Becoming healthy before becoming pregnant: Part II

Agnesian Women's Health

Written by: Steven Sheppard, DO

Pre-conception nutrition is a vital part of preparing for pregnancy. Factors such as your weight compared with your height and what you eat can play an important role in your health during pregnancy and the health of your developing fetus.

The following nutrients should be included in a woman's pre-conception diet and continued into pregnancy:

Folic acid.  All women of childbearing age need 400 micrograms (0.4 mg) of folic acid each day. Folic acid is a nutrient found in some green leafy vegetables, nuts, beans, citrus fruits, fortified breakfast cereals, and some vitamin supplements. It can help reduce the risk of birth defects of the brain and spinal cord (called neural tube defects). The most common neural tube defect is spina bifida, in which the vertebrae do not fuse together properly, causing the spinal cord to be exposed. This can lead to varying degrees of paralysis, incontinence, and, sometimes, intellectual disability.

Folic acid is most beneficial during the first 28 days after conception, when most neural tube defects occur. Unfortunately, many women do not realize they are pregnant before 28 days. Therefore, folic acid intake should begin before conception and continue through pregnancy. Your health care provider will recommend the right amount of folic acid to meet your needs.

Most health care providers will prescribe a prenatal supplement before conception, or shortly afterward, to ensure all of the woman's nutritional needs are met. However, a prenatal supplement does not replace a healthy diet.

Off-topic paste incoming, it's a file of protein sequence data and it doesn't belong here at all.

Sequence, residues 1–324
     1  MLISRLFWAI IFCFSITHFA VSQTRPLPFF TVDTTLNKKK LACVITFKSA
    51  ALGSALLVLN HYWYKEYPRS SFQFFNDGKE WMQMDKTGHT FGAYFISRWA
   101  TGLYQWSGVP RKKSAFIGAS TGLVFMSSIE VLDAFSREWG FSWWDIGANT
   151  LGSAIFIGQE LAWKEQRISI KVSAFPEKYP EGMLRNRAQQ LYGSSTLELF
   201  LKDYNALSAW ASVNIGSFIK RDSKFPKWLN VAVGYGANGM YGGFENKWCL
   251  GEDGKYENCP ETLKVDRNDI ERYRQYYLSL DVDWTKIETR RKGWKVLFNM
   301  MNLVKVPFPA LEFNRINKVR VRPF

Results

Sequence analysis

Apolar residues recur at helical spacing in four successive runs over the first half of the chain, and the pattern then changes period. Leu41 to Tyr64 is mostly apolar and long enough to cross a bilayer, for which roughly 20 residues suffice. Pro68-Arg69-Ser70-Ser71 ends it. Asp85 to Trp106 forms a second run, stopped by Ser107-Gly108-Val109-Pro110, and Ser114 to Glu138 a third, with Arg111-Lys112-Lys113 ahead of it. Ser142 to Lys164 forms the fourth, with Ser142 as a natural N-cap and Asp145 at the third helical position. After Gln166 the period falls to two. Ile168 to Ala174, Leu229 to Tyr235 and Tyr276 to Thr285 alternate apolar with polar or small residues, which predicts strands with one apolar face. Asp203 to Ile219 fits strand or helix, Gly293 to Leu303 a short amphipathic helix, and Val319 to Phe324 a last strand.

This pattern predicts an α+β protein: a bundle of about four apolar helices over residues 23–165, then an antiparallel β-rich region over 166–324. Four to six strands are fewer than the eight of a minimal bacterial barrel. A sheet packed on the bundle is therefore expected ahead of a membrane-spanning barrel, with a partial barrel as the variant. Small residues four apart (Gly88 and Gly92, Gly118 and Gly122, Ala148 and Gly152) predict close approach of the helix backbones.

Iron.  Many women have low iron stores as a result of monthly menstruation and diets low in iron. Building iron stores helps prepare a mother's body for the needs of the fetus during pregnancy. Good sources of iron include the following:

  • Meats such as beef, pork, lamb, liver, and other organ meats.
  • Poultry such as chicken, duck, and turkey (especially dark meat).
  • Fish and shellfish including sardines, anchovies, clams, mussels, and oysters. Check with your health care provider before consuming other types of fish as some may contain high levels of mercury.
  • Leafy greens of the cabbage family such as broccoli, kale, turnip greens, and collards.
  • Legumes such as lima beans and green peas, dry beans and peas such as pinto beans and black-eyed peas, and canned baked beans.
  • Whole-grain breads and iron-enriched white bread, pasta, rice, and cereals.
Calcium. Preparing for pregnancy includes building healthy bones. If there is not enough calcium in the pregnancy diet, the fetus may draw calcium from the mother's bones, which can put women at risk for osteoporosis later in life. The recommended calcium intake for women is 1,000 milligrams. Three servings of milk or other dairy products each day equals about 1,000 milligrams of calcium.

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